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Fill out your info and we will notify you when the 2018 Kerner Manni Nössing is back in stock or when a new vintage becomes available.


2018 Kerner

Manni Nössing

You may already know and appreciate Kerner, the grape created in Germany when Riesling and Schiava were crossed. You may also know that Manni Nössing is one of the world’s most outspoken proponents and best growers of this reliable grape. If you do not know either of these things you are in for a wonderful discovery! In Italy you will find Kerner only in the northern reaches of Alto Adige, near the Austrian border, where Manni carves his creations out of granite. Explosive aromatics, a sleek, racy, Riesling-like backbone, and generous, rounded body all combine to offer refreshment and intrigue. This is a perfect white wine to reach for when you tire of the usual suspects.

Dixon Brooke

$32.00
Wine Type: white
Vintage: 2018
Bottle Size: 750mL
Blend: Kerner
Appellation: Alto Adige – Valle Isarco
Country: Italy
Region: Alto Adige
Producer: Manni Nössing
Winemaker: Manni Nössing
Vineyard: 2-15 years,2.5 ha
Soil: Sandy, Granite
Aging: Controlled-temperature fermentation in stainless steel vats lasts about 10-12 days
Farming: Sustainable
Alcohol: 13.5%

More from this Producer or Region

About Alto Adige

map of Alto Adige

In the heart of the Dolomites, Alto Adige is Italy’s northernmost wine region. Having changed hands multiples times in its history between Italy and the Austro-Hungarian Empire (it shares a border with Austria), it boasts strong Germanic influence on its culture, language, cuisine, as well as its wines.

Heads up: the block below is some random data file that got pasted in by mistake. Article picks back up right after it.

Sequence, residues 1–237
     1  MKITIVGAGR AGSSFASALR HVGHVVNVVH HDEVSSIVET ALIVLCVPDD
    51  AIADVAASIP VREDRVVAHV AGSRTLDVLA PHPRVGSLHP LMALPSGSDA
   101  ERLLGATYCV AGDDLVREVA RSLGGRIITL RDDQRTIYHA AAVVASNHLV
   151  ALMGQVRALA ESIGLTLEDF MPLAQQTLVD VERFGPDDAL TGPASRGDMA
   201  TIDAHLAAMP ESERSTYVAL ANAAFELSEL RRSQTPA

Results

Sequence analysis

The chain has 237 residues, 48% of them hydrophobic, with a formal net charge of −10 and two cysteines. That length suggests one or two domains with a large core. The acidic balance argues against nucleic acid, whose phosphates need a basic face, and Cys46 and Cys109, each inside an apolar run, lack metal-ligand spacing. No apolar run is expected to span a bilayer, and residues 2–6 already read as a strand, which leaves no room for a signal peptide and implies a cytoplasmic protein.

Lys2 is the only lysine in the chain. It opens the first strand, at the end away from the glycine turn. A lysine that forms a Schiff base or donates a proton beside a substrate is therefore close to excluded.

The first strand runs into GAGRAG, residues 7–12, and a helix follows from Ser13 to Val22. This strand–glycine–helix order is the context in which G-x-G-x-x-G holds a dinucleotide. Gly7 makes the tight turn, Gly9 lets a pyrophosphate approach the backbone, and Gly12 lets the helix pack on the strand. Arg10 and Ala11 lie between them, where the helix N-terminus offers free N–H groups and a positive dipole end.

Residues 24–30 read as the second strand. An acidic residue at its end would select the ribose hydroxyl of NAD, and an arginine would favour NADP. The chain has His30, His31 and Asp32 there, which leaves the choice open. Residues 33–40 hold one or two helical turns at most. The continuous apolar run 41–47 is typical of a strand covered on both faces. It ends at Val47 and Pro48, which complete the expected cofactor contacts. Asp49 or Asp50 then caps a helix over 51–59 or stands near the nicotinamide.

The mountainous geography is the principal determinant of local winemaking styles, with the high-altitude vineyards and cool Alpine climate favoring primarily crisp, racy, aromatic whites from varieties like Kerner, Sauvignon, Müller Thurgau, and Grüner Veltliner. A Mediterranean influence on climate is channeled north up the valley until Bolzano, permitting the cultivation of certain reds as well, among which Schiava, Lagrein, Pinot Nero, and Merlot fare best.

Small growers who once sold fruit to the area’s multiple co-ops are now increasingly bottling their own wines. The arrival of many quality-oriented artisans on the scene caught our eye years ago, and we now count three estates from Südtirol, as it is also known, in our portfolio. These high-acid mountain wines make for a beautifully invigorating aperitivo with thinly sliced speck, a local specialty.

More from Alto Adige or Italy

2018 Südtirol Eisacktaler Grüner Veltliner

Manni Nössing  Italy  |  Alto Adige  |  Alto Adige – Valle Isarco

$32.00

2018 Sylvaner

Manni Nössing  Italy  |  Alto Adige  |  Alto Adige – Valle Isarco

$32.00

2018 Müller Thurgau “Sass Rigais”

Manni Nössing  Italy  |  Alto Adige  |  Alto Adige – Valle Isarco

$32.00

2016 Alto Adige Sauvignon “Voglar”

Peter Dipoli  Italy  |  Alto Adige  |  Alto Adige

$36.00
$58.00

2015 Alto Adige Pinot Nero “Mazzon”

Weingut Carlotto  Italy  |  Alto Adige  |  Vigneti delle Dolomiti

$45.00

2014 Terrano

Edi Kante  Italy  |  Friuli  |  Venezia Giulia

$27.00
$56.00
$58.00

2015 Barolo “Gianetto”

Guido Porro  Italy  |  Piedmont  |  Barolo

$51.00

2015 Toscana Rosso “Salita”

Castagnoli  Italy  |  Tuscany  |  IGT Toscana

$60.00

Trust the great winemakers, trust the great vineyards. Your wine merchant might even be trustworthy. In the long run, that vintage strip may be the least important guide to quality on your bottle of wine.—Kermit Lynch

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